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Rebecca Woodruff's picture

Childhood Origins of Adult Resistance to Science

It strikes me as quite funny that on the first read-through, I found myself agreeing with many of the central assertions of this paper, and on a second, deeper read-through, I was offended by many of those same assertions. On a third read-though I’ve figured out that it’s more the first part of this paper and the included characterizations of what constitutes science, conceived problems in education, and the lack of incorporation of storytelling that offend. As I'm continuing my inquiry into the problems associated with education, the authors’ closed-minded definition of science, and the representation of preexisting assumptions as problematic took me aback.

What offends me about the first part of this article is the preconceived notion about what "right" science is, what "right" education is. Fundamentally, in this article Bloom and Weisberg attempt to describe several types of American subcultures, and the way the people included in those cultures respond to what are traditionally known as scientific stories. Though never stated explicitly, I couldn't help but glean an undercurrent of subtle judgment of those who didn't subscribe to traditional scientific thought throughout the entire piece. I guess I don’t have any problem with the keystone observation that “some resistance to scientific ideas is a human universal” but rather how they define science to begin with. As we’ve discussed before, brain structure and function vary. Human perceptions and stories vary. However, because of the brain’s capacity to change, and its evolutionary role as an information gatherer, we’re all every day living out the scientific inquiry process. It’s how we work at a very fundamental level. Besides their problematic definition (or lack thereof) of science, I strongly disagreed with the assertion that “The problem with teaching science to children is thus ‘not what the student lacks, but what the student has, namely alternative conceptual frameworks for understanding the phenomena covered by theories we are trying to teach’”. To me, this sentence completely discounts the worth and the usefulness of different stories in the classroom. How do these observations relate to these models of education?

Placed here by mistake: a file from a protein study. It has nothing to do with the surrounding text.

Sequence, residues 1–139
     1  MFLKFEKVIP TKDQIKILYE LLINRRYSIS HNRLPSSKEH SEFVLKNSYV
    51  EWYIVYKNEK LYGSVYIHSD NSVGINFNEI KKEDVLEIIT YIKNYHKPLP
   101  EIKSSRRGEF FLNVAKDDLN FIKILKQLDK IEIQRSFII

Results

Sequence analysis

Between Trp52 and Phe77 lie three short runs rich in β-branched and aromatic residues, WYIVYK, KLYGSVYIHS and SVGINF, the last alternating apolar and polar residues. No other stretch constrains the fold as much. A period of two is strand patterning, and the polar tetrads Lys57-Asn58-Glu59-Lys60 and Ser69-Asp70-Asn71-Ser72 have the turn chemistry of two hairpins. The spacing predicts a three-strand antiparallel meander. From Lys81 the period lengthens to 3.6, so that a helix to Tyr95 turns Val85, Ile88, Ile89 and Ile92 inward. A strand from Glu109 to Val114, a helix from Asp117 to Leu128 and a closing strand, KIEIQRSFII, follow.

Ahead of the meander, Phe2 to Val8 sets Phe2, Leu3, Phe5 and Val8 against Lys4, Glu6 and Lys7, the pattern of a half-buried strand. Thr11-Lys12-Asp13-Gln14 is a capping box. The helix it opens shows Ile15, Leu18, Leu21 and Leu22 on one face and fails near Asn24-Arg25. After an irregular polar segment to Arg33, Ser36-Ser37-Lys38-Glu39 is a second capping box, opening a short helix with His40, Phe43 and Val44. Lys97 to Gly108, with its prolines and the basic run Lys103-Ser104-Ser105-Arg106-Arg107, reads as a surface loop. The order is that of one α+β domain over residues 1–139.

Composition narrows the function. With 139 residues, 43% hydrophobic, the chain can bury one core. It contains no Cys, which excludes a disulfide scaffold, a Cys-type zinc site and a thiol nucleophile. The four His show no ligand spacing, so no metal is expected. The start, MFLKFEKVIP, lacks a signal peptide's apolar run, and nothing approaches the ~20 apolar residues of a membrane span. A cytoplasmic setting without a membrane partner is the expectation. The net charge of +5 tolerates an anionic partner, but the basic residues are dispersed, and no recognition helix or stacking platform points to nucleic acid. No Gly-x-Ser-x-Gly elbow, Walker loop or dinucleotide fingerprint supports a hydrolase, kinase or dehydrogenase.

In the second part of the paper, I found that the cultural observations were much more powerful and useful. This section weighed the factors contributing to opinion formation in a less judgmental way. I especially thought the observation on “explicit assertion” vs. “implicit assumption” was an interesting one. I personally connected with the shock of leaving one environment with a set of implicit assumptions for another with a different set of implicit assumptions in my experiences with culture shock. This reflection brought me to a new one. I never thought before about how a child might experience similar emotions and responses to culture shock when leaving her home for the science classroom!

I'm really curious about what the authors' intention was with this paper. It's interesting to me that they make these well-cited, well-researched observations about contemporary American thought, but they don't state the ramifications (intended or otherwise) of these observations! I could see some communities reading this and saying 'Good! Let's do our best to keep "nonscientific ideologies ... grounded in common sense and transmitted by trustworthy sources" for the preservation of our society!' just as easily as I could see another community saying "Bloom and Weisberg have identified a flaw in the American education system. Let's tackle this problem of 'what the student has, namely alternative conceptual frameworks for understanding the phenomena covered by the theories we are trying to teach'." I guess overall, I'm puzzled as to why the authors spent so much time observing, and so little time commenting on the significance of their provocative observations. Why do these "biases" exist? What do you propose to do about them? Are stories other than our own useful? Are they detrimental? Does culture emerge from education and vice versa? Do you see these differences as a problem to be fixed or as human variability that is at all costs to be preserved?


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